As I mentioned in a previous post, I’m teaching a new course this semester, with a title I have borrowed (with permission) from Benjamin Paloff at the University of Michigan. “How to Translate Anything” is a course I have been threatening to teach for many years, and I’m finally doing it, beginning on Monday of next week. I taught many translation courses at the University of Iowa, but this is my first at Indiana University.
It is quite surprising that IU, which has bragged for years about the breadth and depth of its foreign language offerings (80 or more, some sources say), has not a single general course for undergraduates on translation. It has a graduate certificate, run through the Department of Comparative Literature, with two staple courses (one on theory and history, one on practice), and then occasional language-specific courses in one or another department (East Asian, Spanish and Portuguese, Central Eurasian, Germanic Studies), but nothing more general, not on the practice, or theory, or history, or politics, or ($40B) business, or linguistics, or technology, that might be (would be) of interest to anyone with an interest.
This fact makes the prospect of a course, just one course, a bit daunting. My strategy has been to take a broad purview, first, by joint-listing the course in comparative literature, the Slavic department, and honors; second, by advertising it as multi-lingual and multi-genre; and third, by using David Bellos’s broad and ambitious Is That a Fish in Your Ear as a sort of a grounding text and then reaching out through other, more specifically oriented works and technologies to sample and taste and encourage. Here are some of the additional short pieces we’ll read:
Anthony Kwame Appaiah, “Thick Translation”; Antoine Berman, “Translation and the Trials of the Foreign”; Lori Chamberlain, “Gender and the Metaphorics of Translation”; Roman Jackobson, “On Linguistic Aspects of Translation”; Lydia H. Liu, “The Eventfulness of Translation: Temporality, Difference, and Competing Universals” (from At Translation’s Edge, pictured above); Eugene Nida, “Principles of Correspondence”; Abe Mark Nornes, “For an Abusive Subtitling”; Gayatri Chakravorty Spivak, “The Politics of Translation.”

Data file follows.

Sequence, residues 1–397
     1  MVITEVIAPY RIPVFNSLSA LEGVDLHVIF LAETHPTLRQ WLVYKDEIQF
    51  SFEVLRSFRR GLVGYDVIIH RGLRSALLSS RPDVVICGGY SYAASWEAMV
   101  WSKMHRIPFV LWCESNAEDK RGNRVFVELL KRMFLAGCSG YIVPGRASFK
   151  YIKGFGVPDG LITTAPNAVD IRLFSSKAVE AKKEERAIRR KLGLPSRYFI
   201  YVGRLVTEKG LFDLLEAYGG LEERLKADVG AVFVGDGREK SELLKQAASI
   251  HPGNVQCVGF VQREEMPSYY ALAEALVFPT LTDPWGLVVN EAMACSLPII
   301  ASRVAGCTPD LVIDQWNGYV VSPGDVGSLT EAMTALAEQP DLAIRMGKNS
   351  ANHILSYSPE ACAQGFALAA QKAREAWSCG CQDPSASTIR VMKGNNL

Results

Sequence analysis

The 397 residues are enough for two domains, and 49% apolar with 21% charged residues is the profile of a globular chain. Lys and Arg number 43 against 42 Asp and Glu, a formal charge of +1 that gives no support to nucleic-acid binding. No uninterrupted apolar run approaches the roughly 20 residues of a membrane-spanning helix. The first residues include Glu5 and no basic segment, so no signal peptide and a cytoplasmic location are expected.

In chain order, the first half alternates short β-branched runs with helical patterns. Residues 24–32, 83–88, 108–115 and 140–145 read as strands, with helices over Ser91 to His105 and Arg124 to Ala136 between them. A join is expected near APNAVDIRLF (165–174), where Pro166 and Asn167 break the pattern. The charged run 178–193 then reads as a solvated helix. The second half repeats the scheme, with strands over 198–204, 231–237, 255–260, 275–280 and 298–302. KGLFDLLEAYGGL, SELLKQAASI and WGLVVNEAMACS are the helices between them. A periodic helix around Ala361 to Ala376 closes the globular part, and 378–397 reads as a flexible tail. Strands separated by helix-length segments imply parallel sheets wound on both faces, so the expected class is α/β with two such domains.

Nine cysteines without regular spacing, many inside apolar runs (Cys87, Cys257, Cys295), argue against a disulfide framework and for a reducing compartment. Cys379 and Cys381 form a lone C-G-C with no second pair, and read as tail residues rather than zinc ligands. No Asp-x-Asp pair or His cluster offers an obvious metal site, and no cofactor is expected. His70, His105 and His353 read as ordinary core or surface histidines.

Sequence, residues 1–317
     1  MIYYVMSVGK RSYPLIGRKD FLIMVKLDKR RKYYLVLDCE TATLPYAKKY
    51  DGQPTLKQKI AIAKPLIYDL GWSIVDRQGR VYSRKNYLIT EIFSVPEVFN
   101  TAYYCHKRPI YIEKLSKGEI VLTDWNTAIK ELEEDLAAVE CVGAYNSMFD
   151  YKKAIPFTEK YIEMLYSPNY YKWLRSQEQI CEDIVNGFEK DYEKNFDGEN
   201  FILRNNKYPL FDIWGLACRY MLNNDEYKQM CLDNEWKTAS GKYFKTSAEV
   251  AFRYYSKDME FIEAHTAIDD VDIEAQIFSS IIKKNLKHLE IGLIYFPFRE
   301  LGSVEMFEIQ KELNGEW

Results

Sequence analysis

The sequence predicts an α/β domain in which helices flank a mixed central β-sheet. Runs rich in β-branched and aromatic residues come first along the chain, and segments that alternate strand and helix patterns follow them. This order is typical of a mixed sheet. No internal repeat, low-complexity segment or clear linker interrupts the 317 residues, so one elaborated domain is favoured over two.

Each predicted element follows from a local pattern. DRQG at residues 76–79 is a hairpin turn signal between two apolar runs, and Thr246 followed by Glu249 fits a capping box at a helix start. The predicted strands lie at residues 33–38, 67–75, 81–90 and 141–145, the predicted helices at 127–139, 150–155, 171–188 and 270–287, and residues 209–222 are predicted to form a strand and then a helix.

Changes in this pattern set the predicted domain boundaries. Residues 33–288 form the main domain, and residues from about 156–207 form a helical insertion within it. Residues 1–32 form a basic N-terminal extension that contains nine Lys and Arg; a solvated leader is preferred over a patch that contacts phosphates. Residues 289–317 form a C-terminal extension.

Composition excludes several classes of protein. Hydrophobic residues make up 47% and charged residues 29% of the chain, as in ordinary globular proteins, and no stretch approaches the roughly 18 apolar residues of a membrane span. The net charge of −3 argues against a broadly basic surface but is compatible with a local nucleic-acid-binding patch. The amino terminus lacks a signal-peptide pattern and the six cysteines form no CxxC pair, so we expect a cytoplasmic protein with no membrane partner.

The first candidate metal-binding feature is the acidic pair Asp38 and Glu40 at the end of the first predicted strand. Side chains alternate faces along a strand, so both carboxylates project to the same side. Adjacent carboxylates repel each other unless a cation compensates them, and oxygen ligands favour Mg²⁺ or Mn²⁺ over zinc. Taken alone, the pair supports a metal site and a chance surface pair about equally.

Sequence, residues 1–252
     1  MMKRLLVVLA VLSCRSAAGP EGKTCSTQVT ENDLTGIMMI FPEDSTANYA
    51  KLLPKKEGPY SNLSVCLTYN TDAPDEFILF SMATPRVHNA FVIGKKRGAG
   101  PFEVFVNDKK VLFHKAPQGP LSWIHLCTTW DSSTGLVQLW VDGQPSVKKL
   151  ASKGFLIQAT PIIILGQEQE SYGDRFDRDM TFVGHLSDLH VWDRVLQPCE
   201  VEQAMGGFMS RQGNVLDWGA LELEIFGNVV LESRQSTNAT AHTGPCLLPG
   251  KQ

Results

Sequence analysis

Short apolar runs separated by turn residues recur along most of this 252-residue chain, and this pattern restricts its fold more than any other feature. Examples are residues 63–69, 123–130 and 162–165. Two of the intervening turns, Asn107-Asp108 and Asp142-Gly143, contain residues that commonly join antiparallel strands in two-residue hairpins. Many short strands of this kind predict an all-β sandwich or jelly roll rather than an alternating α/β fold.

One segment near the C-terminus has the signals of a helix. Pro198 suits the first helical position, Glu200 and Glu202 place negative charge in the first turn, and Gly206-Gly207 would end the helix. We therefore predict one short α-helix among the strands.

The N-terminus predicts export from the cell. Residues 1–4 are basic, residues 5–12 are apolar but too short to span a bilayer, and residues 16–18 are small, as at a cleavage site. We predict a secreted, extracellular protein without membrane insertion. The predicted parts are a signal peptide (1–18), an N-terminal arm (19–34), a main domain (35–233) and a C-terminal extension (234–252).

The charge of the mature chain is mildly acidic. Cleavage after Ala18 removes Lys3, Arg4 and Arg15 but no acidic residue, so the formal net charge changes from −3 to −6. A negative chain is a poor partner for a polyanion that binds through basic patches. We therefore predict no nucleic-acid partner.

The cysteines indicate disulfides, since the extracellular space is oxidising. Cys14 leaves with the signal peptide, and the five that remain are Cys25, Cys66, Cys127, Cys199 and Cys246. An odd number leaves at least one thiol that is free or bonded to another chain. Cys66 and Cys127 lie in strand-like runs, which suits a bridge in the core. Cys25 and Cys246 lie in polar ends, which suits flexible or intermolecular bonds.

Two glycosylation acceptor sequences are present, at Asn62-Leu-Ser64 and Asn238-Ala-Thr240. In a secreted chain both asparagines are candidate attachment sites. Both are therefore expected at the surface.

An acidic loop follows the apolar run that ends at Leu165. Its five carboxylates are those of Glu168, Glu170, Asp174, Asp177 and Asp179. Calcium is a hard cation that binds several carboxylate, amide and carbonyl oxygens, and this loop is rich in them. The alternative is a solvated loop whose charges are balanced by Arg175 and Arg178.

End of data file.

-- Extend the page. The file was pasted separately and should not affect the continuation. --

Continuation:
I’ll supplement these with shorter, more professionally oriented readings (e.g., about the business of translation, what it means to freelance, what level of languages skills one needs to translate, and so on). The students will write short reflection pieces on these and on individual chapters from the Bellos book throughout the semester, which I hope will enable us to think through things more carefully.
I also got the Center for Language Technology to purchase 20 site licenses for SDL Professional Translation Suite, which they have installed on a number of computers in their lab space for our class to come over for two weeks of exploration, and a sample “business” translation. There are 22 students in the class at this point, so we’ll probably do this in shifts.
On the more writing focused end (Ben actually calls his class a “stealth English writing course”), we’ll do a short “style exercise” using Raymond Queneau’s Exercises in Style (Barbara Wright, tr.),
consisting of taking a short prose passage and transforming it stylistically (stylistic paraphrase, “intra-lingual” translation), and, to get a sense of the artistic side of things, we’ll do a short poetry translation using two facing pages from Stanley Burnshaw’s The Poem Itself (after I discover the language capabilities of individuals in the class — I’ll choose something from a language the students don’t have, and if there aren’t any I’ll use something I created years ago using a Croatian text, since it’s not one students are likely to have.)
I also hope to take the students on a field trip to the Lilly Library (the next building over on campus from where I’ll be teaching) to explore the translators’ archive that former Lilly director Breon Mitchell compiled over some 30 years of dedicated work.
In other words, tutti quanti. We’ll see.